Ross Brawn Q&A

Michael Schumacher's third World Championship is also the third for technical director Ross Brawn, who in partnership with designer Rory Byrne was the architect of Schumacher's success at Benetton in 1994-'95. Brawn joined Ferrari a year after Michael, and since then they have been a formidable combination. His contribution is two-fold. Firstly, thanks to Brawn, the Ferrari technical department is better organised and more motivated than ever before, with logic and attention to detail the key words. And secondly, he's the general on the pit wall, coming up with the strategies that take advantage of Michael's ability to string together stunning laps when the pressure is on. Suzuka was yet another fine example of the pair at work

Ross Brawn Q&A

"A bit exhausted actually! It was a hard race. Everything is going through your mind - how hard should Michael push, is second place good enough to take us to Malaysia, or should we push it to the limit and see if we can win the race? There's a lot churning through your mind, and I'm exhausted!"

"It's what we planned. It was fortuitous that it got a little bit greasy, and I'm sure that helped. I was quite surprised how big a gap there was, because by my calculations there was only about a second and a half, but I think maybe Mika had a couple of difficult laps, either with traffic or maybe the track conditions. So I was really pleased to see the gap we had. When I saw Mika come in on lap 37 I knew we had a chance. The big part of the race was Michael catching and hanging on to Mika in the middle part, when he had a bit more fuel than Mika. That was the key part of the race and Michael did a fantastic job."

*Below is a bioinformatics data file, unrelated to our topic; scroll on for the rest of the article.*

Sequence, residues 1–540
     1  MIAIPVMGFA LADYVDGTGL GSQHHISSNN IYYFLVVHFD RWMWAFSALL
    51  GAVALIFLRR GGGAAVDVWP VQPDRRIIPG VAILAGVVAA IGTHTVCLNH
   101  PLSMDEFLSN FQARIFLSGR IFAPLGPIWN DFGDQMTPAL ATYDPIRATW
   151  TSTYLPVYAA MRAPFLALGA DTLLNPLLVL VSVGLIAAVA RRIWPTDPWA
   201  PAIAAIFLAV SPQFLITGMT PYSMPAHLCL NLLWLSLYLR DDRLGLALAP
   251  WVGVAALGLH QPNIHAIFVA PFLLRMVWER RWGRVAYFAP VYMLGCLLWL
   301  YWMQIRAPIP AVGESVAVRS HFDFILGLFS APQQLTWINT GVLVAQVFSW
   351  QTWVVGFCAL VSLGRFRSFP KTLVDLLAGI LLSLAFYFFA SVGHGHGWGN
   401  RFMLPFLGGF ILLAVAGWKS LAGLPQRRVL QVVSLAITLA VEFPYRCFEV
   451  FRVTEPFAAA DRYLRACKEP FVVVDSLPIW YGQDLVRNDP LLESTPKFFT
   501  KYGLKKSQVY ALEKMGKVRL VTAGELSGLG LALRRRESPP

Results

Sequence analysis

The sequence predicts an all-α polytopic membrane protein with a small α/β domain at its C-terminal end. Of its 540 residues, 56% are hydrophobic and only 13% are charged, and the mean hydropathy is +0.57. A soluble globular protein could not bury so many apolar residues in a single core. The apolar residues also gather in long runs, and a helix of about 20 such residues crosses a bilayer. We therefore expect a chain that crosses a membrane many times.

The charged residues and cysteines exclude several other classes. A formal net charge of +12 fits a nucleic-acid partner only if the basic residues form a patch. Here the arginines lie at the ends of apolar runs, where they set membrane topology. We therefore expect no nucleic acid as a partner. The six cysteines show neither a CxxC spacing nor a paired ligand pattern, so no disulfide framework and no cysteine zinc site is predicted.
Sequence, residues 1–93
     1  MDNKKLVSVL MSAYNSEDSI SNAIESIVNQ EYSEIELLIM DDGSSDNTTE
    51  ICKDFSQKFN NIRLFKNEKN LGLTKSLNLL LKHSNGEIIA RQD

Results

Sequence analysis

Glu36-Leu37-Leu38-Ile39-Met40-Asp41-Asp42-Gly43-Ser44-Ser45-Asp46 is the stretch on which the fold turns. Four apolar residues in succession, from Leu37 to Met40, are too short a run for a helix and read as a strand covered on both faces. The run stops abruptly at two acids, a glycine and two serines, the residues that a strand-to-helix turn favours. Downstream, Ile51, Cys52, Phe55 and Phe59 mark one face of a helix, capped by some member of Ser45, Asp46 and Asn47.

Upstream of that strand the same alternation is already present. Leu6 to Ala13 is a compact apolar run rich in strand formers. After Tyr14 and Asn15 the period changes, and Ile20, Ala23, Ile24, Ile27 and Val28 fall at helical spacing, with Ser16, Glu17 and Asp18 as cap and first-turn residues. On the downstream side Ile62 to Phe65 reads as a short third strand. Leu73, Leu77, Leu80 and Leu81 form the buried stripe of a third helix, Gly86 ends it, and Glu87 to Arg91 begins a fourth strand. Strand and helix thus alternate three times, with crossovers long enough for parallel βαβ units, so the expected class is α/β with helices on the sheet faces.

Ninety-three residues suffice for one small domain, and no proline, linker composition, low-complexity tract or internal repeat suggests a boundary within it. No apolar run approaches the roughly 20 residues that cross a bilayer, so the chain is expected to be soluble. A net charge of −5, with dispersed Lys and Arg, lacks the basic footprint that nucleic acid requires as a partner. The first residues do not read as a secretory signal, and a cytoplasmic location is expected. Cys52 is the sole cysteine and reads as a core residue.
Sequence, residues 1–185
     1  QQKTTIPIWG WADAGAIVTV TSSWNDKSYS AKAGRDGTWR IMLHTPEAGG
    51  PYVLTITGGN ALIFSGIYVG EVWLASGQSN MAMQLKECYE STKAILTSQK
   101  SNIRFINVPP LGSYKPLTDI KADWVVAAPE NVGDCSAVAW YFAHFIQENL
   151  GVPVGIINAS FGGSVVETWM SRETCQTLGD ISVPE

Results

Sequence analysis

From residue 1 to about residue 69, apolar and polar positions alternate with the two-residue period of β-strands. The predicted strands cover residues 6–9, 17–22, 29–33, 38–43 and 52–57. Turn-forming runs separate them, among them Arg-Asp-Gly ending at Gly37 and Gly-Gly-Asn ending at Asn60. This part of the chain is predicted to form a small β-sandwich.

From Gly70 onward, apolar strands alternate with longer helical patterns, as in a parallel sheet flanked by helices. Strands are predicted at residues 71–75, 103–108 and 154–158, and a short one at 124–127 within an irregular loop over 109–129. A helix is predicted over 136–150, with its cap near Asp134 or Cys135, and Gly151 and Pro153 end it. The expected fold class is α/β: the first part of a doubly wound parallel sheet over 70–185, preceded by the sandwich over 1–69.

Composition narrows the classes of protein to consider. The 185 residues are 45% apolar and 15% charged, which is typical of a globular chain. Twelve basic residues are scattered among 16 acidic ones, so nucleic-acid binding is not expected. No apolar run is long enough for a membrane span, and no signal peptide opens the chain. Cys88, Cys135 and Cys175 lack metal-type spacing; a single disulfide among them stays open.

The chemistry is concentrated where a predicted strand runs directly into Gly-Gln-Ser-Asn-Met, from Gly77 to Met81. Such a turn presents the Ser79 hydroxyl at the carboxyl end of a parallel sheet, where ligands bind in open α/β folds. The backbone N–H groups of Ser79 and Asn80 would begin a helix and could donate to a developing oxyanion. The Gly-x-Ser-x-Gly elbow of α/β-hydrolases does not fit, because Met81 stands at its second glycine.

"Mika's such a good starter and our starts are not the best, and you kind of allow for it in the strategy. We certainly didn't have a strategy that was going to be dead if we didn't make the start. A one-stopper for instance would have been a good strategy if you got away at the start, but if you didn't then you were dead. We had a strategy which coped both ways."

"Well, I only noticed today that pole position is actually very slippery. When you look at pole position there's a lot painting on the floor, and I suddenly realised why he might have been struggling a little bit. It's something we've still got to try and improve."

"We had the benefit of being able to count how much fuel Mika put in the car, and being able to judge how far he was going to go. We knew the only chance we had was to go a couple of laps longer than he did, and with that sprinkling of rain, it was perfect."

"I think this will make a difference to him. I think the fact that we got there eventually will actually make a difference to him. All of us have been under massive pressure for the last four years, and I think this will release the pressure."

"The great thing about Michael is he gives his maximum at every race. You could pinpoint various races at Benetton and Ferrari where he was exceptional. He's always very good. His standard is exceptionally high. I can't really think of a bad race for Michael. Obviously you can have an accident at the first corner, but in terms of not performing and not making 100 or 110% effort, I can't think of a race where Michael has done that. Obviously Suzuka was a fantastic race, so important. If you think of the stress on the guy - the stress on him and Mika. They were both exceptional."